Russia Bombs Turkish Troops in Syria
Because you needed one more thing to worry about.
Carlotta Gall, reporting for the NYT (“Airstrike Hits Turkish Forces in Syria, Raising Fears of Escalation“):
The Turkish Army suffered mass casualties in an airstrike in northwest Syria late Thursday, an attack that could dramatically change the course of the Syrian war as fears grow of a direct conflict between Russia and Turkey, a NATO member.
At least 33 Turkish soldiers were killed and more than 30 wounded, said Rahmi Dogan, the Turkish governor of the southern province of Hatay, where the Turkish casualties were arriving.
Turkish officials said the strike had been carried out by Syrian government forces, but Russian jets have been conducting most of the airstrikes in the area in recent weeks. Turkish protesters in Istanbul converged on the Russian Consulate there early Friday, chanting “Murderer Russia! Murderer Putin!”
Turkish officials have avoided blaming the Russian government for aggression against their forces in Syria, hoping to avoid a direct confrontation with Russia’s much stronger military and to keep a line open for talks with Russia’s president, Vladimir V. Putin.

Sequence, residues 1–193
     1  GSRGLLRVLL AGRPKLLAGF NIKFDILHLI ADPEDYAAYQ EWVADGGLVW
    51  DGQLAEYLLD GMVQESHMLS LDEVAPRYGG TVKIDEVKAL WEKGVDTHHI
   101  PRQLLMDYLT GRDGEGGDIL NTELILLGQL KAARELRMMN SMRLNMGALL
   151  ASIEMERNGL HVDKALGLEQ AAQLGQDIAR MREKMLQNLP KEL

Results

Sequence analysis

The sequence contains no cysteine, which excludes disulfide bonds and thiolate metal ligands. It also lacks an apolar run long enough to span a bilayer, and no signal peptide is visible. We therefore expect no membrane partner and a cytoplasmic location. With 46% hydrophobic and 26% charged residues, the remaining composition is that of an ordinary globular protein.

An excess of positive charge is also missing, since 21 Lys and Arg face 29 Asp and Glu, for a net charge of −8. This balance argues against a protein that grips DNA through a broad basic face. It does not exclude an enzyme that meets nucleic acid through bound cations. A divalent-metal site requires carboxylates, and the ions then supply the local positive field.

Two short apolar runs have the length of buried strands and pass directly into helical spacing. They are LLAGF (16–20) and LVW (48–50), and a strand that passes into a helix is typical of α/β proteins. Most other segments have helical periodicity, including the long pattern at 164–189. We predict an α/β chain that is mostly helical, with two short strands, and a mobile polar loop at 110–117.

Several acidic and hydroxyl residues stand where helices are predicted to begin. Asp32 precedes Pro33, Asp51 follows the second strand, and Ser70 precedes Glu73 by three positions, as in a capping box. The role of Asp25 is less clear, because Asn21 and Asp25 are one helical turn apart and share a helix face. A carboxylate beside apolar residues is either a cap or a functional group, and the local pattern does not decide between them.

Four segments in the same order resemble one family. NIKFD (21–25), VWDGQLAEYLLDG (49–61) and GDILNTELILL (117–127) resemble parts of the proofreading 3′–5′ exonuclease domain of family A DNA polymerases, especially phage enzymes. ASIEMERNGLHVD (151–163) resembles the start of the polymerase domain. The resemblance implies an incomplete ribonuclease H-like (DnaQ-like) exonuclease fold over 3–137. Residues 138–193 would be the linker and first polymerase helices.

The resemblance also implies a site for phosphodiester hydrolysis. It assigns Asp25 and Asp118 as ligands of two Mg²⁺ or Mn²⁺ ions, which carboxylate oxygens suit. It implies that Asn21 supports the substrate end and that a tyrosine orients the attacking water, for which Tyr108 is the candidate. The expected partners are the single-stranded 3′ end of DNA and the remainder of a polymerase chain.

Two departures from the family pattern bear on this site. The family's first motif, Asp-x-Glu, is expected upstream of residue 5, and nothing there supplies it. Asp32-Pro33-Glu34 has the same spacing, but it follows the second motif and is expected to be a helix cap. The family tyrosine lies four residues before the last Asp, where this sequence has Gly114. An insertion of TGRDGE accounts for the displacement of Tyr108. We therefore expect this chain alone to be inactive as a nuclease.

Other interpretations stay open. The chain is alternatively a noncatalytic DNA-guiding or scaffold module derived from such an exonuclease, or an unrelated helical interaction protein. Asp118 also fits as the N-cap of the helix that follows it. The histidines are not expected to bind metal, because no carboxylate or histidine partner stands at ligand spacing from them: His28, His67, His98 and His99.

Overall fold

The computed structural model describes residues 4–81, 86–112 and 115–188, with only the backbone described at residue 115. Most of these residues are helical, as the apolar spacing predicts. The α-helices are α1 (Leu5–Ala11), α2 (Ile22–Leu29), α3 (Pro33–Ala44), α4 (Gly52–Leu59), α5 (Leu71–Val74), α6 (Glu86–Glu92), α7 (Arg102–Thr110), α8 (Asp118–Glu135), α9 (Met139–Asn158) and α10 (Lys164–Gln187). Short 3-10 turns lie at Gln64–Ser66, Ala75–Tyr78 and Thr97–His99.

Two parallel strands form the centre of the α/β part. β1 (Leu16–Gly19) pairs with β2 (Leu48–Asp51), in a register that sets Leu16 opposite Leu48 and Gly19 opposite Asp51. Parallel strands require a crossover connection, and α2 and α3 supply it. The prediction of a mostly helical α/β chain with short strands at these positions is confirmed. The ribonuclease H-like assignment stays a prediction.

Russian officials could not be reached for comment late Thursday.
President Recep Tayyip Erdogan of Turkey convened an emergency meeting Thursday evening in Ankara, Turkish media reported. And Turkish forces began retaliating Thursday against Syrian forces in northeastern Idlib Province.
Having multiple military forces operating at cross purposes in the midst of a bloody conflict is inherently dangerous. That’s why US and Russian forces worked so hard to keep lines of communications open—we wanted to avoid exactly this sort of incident. It’s unclear at this juncture whether the Turkish troops were deliberately targeted or they were merely caught in the crossfire.
That Turkey is a NATO ally makes the situation more awkward. But there is zero Article 5 obligation to intervene on their behalf. They weren’t subject to an armed attack within their borders—which would require the allies to treat it as though it were an attack on us all—but while they were operating in Syria.